1 point
  27. Well some of the BCN locks have multiple ground paddle outlets including behind the bottom gates. But otherwise (and I’m totally guessing!) it might be to do with the direction the water comes out of the paddle culvert. If the water comes out pointing across the lock, the flow will be turbulent, just thrash around as it bounces off the opposite wall etc, and so Bernoulli doesn’t really kick in. But if the flow is directed more along the bottom of the lock, then the flow will be more laminar and that is when you get the Bernoulli effect.
    1 point
  28. The top of a steel tank can be very corroded, but the bottom and sides are often "pickled" in that the tank contents have done no harm, but may have preserved the metal somehow. Check very carefully the state of the tank top, if it's not sound, then complete removal may be the only way to stop smells. Be aware the bottom of the tank may be the base plate of the boat, so don't cut it out! If it has an inspection plate, then it's in with a hose pipe and scrubbing brush, followed by pump out and rinse. This is the true meaning of D.I.Y! Bod
    1 point
  29. Pump it out, flushing if you can. Then dose it with Jeye's Fluid, a gallon will be ample, fill it completely with water and let it stand for a week before pumping out. If there is a port, vac it out with a wet 'n dry vac and let it dry out.
    1 point
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  31. This post cannot be displayed because it is in a forum which requires at least 10 posts to view.
  32. I'm a bit concerned that the OP's wife 'no longer feels the love'. If that is love for all boating rather than simply the boat in question, then changing to a 'cheaper to own/run' boat won't address the whole issue. Apart from changing to a shorter steel or fibreglass boat, other potential options include both hiring and shared ownership. Hiring is great for exploring different parts of the waterway system and shared ownership can suit those with limited time for boating.
    1 point
  33. There is a danger of some misunderstanding here. Essentially, concrete offers good protection to the steel reinforcement (or baseplate). Something to do with its alkalinity. However, over time concrete is subject to carbonation arising from CO2 in the atmosphere, which reduces its protective properties and can lead to spalling following expansion of the reinforcement. It is then you have a problem, as the concrete hides the trouble and then obstructs the usual scrape & paint means of addressing the rust.
    1 point
  34. This post cannot be displayed because it is in a forum which requires at least 10 posts to view.
  35. This post cannot be displayed because it is in a forum which requires at least 10 posts to view.
  36. Episode eight also includes a section which shows the canal children's boarding school, Wood End Hall Hostel in Erdington. Information online shows that the Hostel operated from 1951 to 1968, and by the time of its appearance in 'Flower of Gloster' only a small number of children were resident there.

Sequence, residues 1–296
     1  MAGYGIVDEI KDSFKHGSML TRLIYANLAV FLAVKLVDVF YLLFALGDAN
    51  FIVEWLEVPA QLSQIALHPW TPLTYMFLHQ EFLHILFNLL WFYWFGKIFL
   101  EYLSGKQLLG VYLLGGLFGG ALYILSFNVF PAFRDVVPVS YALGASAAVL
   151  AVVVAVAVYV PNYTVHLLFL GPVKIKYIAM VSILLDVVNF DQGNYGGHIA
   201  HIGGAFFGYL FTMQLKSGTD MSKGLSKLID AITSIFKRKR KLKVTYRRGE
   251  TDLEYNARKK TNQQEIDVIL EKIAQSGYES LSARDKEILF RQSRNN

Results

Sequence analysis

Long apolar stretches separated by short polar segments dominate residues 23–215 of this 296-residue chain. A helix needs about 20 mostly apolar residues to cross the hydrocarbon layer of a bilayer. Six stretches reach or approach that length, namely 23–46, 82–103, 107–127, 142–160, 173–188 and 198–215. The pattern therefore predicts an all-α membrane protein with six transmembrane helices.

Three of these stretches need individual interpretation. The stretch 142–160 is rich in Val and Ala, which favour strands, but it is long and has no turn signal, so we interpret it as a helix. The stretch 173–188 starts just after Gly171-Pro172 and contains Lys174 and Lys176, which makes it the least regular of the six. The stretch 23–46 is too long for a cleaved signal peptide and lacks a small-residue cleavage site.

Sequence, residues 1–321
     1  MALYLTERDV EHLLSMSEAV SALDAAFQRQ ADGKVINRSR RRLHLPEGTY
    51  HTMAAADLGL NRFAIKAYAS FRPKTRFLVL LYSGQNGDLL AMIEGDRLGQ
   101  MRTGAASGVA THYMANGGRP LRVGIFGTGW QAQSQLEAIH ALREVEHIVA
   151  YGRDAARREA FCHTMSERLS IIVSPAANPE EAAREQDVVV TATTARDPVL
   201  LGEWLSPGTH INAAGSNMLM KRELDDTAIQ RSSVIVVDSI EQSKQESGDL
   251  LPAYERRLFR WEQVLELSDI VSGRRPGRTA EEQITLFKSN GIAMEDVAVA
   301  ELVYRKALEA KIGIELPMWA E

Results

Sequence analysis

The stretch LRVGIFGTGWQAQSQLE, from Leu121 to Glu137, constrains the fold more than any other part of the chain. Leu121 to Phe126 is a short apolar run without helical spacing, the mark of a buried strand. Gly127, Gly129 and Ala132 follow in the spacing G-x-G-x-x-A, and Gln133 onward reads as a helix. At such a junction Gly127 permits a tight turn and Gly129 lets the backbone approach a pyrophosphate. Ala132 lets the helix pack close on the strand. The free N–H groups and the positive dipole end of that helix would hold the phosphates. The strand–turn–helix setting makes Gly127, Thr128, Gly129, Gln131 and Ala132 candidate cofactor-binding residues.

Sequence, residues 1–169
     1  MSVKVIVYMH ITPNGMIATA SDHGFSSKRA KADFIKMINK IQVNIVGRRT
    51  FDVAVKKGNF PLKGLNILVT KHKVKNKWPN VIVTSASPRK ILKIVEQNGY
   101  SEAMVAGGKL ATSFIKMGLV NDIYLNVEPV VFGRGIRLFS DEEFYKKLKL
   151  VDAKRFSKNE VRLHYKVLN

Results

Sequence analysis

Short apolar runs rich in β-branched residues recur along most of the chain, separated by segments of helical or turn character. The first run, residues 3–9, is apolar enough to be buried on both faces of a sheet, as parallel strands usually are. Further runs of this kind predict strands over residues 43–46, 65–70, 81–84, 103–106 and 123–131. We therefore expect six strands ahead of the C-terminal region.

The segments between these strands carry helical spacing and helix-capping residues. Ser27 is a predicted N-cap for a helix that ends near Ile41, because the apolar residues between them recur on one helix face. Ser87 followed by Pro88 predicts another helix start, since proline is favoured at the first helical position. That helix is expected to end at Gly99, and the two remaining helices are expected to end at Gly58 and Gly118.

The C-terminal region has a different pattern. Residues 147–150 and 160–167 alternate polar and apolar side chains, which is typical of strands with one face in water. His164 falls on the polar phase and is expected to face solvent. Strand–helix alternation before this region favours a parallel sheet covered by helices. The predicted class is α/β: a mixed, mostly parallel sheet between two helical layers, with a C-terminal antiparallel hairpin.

1 point
  37. This post cannot be displayed because it is in a forum which requires at least 10 posts to view.
  38. That looks possible. Maybe they did look that bad in 1967, but they're *miles* from Wolverhampton, they couldn't possibly have gone that way due to a mapreading mistake... Not complaining, it's a drama series not a canal-accurate travelogue -- I wondered if it was an arm somewhere that had since been closed, but it seems not.
    1 point
  39. I suspect the 2.5 minutes were just for up or down movement. I used to work the tripboat Lapwing for Peter Froud in 1972, with Charlie Atkins as steerer. Going down, we would reverse into the tank as we were approaching from Runcorn. Once in, the gates would descend, followed by several large handfuls of wet sawdust to ensure a seal. Charlie often used to walk down so he could have a chat with anyone who was around, and I would tell the passengers that he did that because he was sure the lift would collapse. I made sure they looked up at the gearing as it began to move, as if it had been raining, water would have filled the shrouded gears, and this would descend onto anything underneath. At the bottom, Charlie would get back on board so we could continue after winding in the lower basin. I learnt a lot in the time I worked with Charlie, particularly when I got to steer when we were travelling empty. He would spend much of the time telling me stories, which was the traditional way canal knowledge was handed down - the dead body stories were best!
    1 point
  40. By way of illustration, see diagram (yes I know I can’t draw!) current path 1 is the desired path, through the shunt. But the connections to hull via the prop shaft, exhaust and cables, plus your battery negative to hull wire, create a second current path 2. Which is bad. You can’t delete the the inherent connections between engine and hull so the only way to break circuit 2 is to remove the wire from battery negative to hull.
    1 point